Daisy and Lucas were rivals as children. Born the same hour of the same day, they lived next door to one another, sharing parties, schools and their social group. They hated each other’s guts, going to great lengths to best the other, and only taking a break when they went to separate colleges to qualify as doctors. Now twenty-eight and wanting to specialize in family medicine, Daisy returns home to Hamilton to take over her local private practice from her former family doctor. Unbeknownst to her, Lucas has also been appointed to the same job, with the retiring doc taking on two new members of staff. Daisy is furious. Though she and Lucas haven’t seen or spoken to one another in eleven years, her grudge is still forefront in her mind and she’s desperate to dislodge Lucas from the shared role. It’s all very petty.
They’re forced to work together, and both being unexpectedly super hot, get under each other’s collars. This somehow surprises Daisy – she was anticipating pure rivalry – but the playground games continue despite the attraction. He orders yucky fruit in her name as a gift for the support staff (whilst supplying yummy doughnuts himself). She bickers with him over patient diagnosis – not exactly covering either of them in glory.
The story has an obvious direction – their love-to-hate has to resolve into something more, right? Yeah. It’s the basis of the story. And while it wasn’t exactly slow, it was so contrived, for the first half I wasn’t gripped or invested. There was nothing wrong with the writing, and it was meant to be funny, but I was annoyed by Daisy and Lucas’s childishness. I guess years of studying and working 90 hour weeks as a student doc doesn’t leave any room to gain social skills, but the lack of maturity and particularly Daisy’s (the POV is 99% hers) poor awareness irked me. She was blinded to her attraction to the other hot doc, and refused to the point of absurdity to see how interested he was in her.
The cuteness passed me by. I wanted more character development and less of the reverting to infancy after each step forward.
“I’m eating my lunch locked inside my shoebox of an office while I casually dispatch Lucas’ CV to high-ranking hospitals around Alaska. After I’ve hit send on the fifth submission, I start to digest both my turkey sandwich and Lucas’ motives for kissing me. I know he is trying to get inside my head.”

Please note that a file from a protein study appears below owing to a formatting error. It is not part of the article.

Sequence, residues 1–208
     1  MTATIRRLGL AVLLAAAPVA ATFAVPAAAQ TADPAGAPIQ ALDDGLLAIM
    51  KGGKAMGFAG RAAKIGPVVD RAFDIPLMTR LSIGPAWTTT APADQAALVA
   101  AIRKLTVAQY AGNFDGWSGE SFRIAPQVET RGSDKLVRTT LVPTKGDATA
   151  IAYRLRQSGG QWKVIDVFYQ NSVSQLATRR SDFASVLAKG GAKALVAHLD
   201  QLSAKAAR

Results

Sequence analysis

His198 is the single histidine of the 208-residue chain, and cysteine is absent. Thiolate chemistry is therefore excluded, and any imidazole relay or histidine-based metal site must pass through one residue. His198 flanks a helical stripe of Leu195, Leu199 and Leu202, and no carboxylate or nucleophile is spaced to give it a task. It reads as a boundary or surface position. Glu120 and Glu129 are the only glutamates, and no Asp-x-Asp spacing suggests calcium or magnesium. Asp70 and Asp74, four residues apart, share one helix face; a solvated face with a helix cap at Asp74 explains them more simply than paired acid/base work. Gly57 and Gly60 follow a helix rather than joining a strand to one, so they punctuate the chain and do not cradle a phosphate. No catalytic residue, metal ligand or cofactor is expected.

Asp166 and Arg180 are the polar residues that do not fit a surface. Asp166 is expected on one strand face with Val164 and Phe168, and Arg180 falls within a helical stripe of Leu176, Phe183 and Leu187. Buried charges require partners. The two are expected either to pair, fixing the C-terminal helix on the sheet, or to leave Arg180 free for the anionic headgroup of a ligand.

At chapter nine, we get a switch – a short segment from Lucas’s POV. I was hoping for this exact thing and the author gifted it to me. His section is written in tiny journal form excerpts, in the medium of never-sent emails to Daisy. I’m not going to say the content as that’s a little too spoilery, but safe to say Lucas has a different take on their lives together. I’d have loved to have read more of his side.
The setup of this book appealed to me – I thought it would be hot to see them pitting themselves against each other. But it became irritating to the point I almost DNF’d where Daisy’s behavior just gets worse. Her growing attraction to Lucas makes her act batshit crazy and in a scene of forced proximity, she acts like a complete idiot trying to get away from him:
– hatching escape plans (they’re in quarantine – she’s a qualified doctor. Um, what?)
– stealing food and hiding it from him
– creating a border down the middle of the room with tongue depressors to divide up the space (did you do this with siblings as kids? I did. When I was seven).
The lack of professionalism and shrill hysteria switched me off. I should’ve been warming up to them spending up close and personal time together, or giggling at the evasion, but instead I wanted to spin on past this scene. I don’t think that’s ever happened to me before. I live for these scenes in other books.
So I’m thinking this tale – the book form of a big budget RomCom movie with dopey characters and no depth – is in a genre I just don’t enjoy. I was in the mood for a humorous story but I only managed one small laugh. Slapstick doesn’t work for me.
I didn’t hate it, there was even one moment at 80% where I felt genuinely sad for one of the main characters, but it was too little too late. My investment in them together was meh. Also I was bugged by the lack of affectionate contact between them, and they had no conversation about condoms/birth control which is an issue for me in modern romance.
The ending required a couple of flash in the pan unanticipated plot devices to string out the tension, and these happily went away as if they were never there by the epilogue.
“It does kind of feel like an anticlimactic ending to our little war.”
If you enjoy RomComs this might well work for you. There’s the thrill of the chase and lots of scenes where the H&H are childish jerks to one another. The side characters are stereotypes (the embarrassing mother, the gooey-eyed receptionist, the patriarchal senior doctor, the knowing best friend) and this would transfer to the big screen with no loss to the internal landscape of feelings. But if you want any delving into psyche or self-awareness to your romance, you’ll come up short.
Click to purchase: Amazon
Anything You Can Do
by RS Grey
Release Date: February 1, 2017